AE  Vol.4 No.3 , July 2016
State of Art of Ants (Hymenoptera: Formicidae) at Caxiuanã, Melgaco, Pará, Brazil
Author(s) Ana Yoshi Harada
The ants are one of the mega diverse insets found in all terrestrial environments, and occur in great diversity, richness and abundance, acting at all trophic levels. The present study was conducted to verify the knowledge of ant fauna at Caxiuanã National forest. All available ant literature and some collection in Caxiuanã were compiled and analyzed in EXCEL program. Caxiuanã is one Brazilian Amazonia forest that has good biological conservation. A total of 197 species belonging to 52 genera of the nine subfamilies are present in Caxiuanã. Many studies need to be done in this place to understand the ant community pattern to give base for other studies and proposal for use, management and conservation of this interesting Amazonia place.

Received 11 April 2016; accepted 4 June 2016; published 9 June 2016

1. Introduction

Ants are one of the mega diverse insects that dwell at altitudes between 80˚N to 80˚S [1] ; they are found in all forest strata of terrestrial environments [2] - [4] . They live in society, so they are social, and occur in great diversity, richness and abundance [3] , acting at all trophic levels [5] . Studies in the canopy of tropical trees reported that over 50% of the arthropod fauna of the strata constituted of ants [6] - [8] . Surveys over the past 30 years, using new techniques for collecting, mainly in tropical areas, recorded a great abundance and diversity of new and unknown genera and species in tree canopies [9] - [11] , litter layer and soil [12] - [16] considerably expanding the bio ecological knowledge of the ant fauna that would serve as the basis for other studies.

In view of the above, a number of studies (bio ecological, behavioral, molecular, systematic, biogeographic, etc.) conducted globally have shown the important contribution of these animals in the dynamics of natural processes and standards, which value and recognize them as important environmental indicators. This helps to develop proposals for ecological-economic planning and wildlife management and conservation [17] - [21] .

Surveys of the ant fauna in the Brazilian Amazon, conducted primarily in biological reserves, the outskirts of large cities and in areas under environmental pressure, show that the taxonomic richness depends on the data collection methodology and habitat heterogeneity (Table 1). These studies do not confirm the theory that the richness and diversity increases towards east to west in the tropical areas.

Among the 110 genera of ants that dwell in Brazilian territory, 77 (70%) are rare, 31 (28.2%) are frequent, and 2 (1.2%) are abundant and have high species richness. On the other hand, 104 (80%) of the 110 genera known to Brazil dwell in the Brazilian Amazon, where 30 of them are represented by only one species; 54 of them by five or less and only one genus with more than 100 species (Table 2). This shows the need for increased collection efforts and other studies to better understand the dynamics of processes involving these communities.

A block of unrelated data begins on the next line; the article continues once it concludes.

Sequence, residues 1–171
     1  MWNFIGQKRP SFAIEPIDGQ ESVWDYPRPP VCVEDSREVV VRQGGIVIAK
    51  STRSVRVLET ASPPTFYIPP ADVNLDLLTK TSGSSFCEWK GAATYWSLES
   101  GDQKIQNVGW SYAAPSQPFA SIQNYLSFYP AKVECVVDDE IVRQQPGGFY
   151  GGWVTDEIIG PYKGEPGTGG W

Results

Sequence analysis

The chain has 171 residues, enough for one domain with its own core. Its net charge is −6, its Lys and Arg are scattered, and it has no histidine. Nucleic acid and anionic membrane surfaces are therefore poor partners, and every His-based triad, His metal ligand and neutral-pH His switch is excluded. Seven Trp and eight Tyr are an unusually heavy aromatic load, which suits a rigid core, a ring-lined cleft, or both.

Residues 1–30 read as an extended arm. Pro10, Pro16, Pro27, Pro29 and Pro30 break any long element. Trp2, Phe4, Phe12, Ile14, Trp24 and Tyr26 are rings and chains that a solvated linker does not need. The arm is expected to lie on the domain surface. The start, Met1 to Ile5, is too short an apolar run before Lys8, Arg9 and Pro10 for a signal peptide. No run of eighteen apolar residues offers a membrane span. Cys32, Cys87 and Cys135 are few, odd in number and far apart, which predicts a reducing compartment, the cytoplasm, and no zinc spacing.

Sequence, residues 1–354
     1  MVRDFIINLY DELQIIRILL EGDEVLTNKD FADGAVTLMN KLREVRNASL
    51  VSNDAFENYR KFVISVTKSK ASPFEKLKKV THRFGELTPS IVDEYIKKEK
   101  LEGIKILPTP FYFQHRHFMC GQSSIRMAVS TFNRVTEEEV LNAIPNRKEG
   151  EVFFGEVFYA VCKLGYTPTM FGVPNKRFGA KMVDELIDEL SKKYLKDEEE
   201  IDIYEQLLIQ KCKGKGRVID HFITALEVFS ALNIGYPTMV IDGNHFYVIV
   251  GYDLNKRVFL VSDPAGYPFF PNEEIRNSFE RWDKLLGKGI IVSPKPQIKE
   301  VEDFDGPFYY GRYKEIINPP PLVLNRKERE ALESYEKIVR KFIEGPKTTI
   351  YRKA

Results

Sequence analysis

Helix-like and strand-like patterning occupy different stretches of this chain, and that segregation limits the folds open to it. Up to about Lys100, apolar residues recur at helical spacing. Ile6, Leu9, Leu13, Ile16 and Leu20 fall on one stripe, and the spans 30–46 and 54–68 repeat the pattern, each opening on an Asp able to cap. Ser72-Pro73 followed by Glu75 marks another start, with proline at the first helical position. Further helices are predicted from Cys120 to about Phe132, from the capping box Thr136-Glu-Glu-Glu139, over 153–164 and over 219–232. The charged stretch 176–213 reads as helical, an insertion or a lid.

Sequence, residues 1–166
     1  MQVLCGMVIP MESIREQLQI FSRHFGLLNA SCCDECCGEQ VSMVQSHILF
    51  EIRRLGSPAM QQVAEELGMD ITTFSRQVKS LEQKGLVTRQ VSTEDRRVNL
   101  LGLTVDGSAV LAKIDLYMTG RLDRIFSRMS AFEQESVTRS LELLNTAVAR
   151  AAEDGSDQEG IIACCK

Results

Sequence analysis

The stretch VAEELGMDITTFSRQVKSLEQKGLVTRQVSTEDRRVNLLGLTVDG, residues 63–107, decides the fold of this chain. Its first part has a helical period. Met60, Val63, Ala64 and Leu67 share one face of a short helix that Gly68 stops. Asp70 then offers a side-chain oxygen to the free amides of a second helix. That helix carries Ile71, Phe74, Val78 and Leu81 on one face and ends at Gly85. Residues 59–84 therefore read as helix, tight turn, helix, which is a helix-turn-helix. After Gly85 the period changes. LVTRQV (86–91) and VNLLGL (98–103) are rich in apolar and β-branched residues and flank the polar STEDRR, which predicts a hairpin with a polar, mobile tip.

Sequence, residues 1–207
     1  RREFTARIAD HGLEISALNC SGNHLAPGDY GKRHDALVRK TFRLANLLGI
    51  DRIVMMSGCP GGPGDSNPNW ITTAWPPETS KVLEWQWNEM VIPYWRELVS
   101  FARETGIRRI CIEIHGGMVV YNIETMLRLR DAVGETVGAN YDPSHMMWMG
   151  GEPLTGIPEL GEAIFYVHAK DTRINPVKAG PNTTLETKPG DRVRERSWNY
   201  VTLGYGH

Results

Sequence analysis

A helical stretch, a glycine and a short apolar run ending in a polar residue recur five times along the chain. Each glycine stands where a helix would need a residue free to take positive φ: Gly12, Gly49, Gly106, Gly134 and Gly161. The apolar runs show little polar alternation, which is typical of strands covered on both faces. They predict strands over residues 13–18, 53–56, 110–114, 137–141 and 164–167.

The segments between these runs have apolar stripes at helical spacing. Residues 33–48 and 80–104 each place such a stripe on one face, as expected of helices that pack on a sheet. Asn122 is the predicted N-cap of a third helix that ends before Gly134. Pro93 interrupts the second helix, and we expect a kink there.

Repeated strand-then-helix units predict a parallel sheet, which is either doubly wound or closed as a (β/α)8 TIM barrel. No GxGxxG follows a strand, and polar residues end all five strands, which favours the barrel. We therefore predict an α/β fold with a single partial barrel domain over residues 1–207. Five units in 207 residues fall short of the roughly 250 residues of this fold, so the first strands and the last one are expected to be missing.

However, the 21 genera, containing over 20 species, represent 69.08% (965 species) of species occurrence in Brazil, and only 11 of these, corresponding to 53.38% (560) of the species present and species richness similar in the Brazilian Amazon (Table 3). This shows the great gap in knowledge of this important group of insects in our area.

Today, science knows 13.188 ant species that belong to 16 subfamilies, 39 tribes, and 328 extant genera [22] . It is worth noting that from the 1980s, with the advent of new techniques for data collection, the number of species new to science increased noticeably, and these are being made available in the literature [22] - [32] . These studies are critical to know what exists and thus provide a basis for further research aiming to know the dynamics of patterns and processes developed by these insects in natural and disturbed environments.

Comparing the taxonomic richness of existing ants in the world, 27.64% (3646) of the species, 41.76% (137) of the genera and 81.25% (13) of the subfamilies dwell in the Neotropics; and, 10.59% (1397) of the species, 33.53% (110) of the genera and 81.25% (13) of the subfamilies are quoted in Brazilian territory [23] [24] [26] [27] . On the other hand, 7.95% (1049) of the species, 31.70% (104) of the genera and 81.25% (13) subfamilies occur in the Brazilian Amazon (Table 4). This shows the need to broaden the knowledge of this group in Brazilian Amazonia.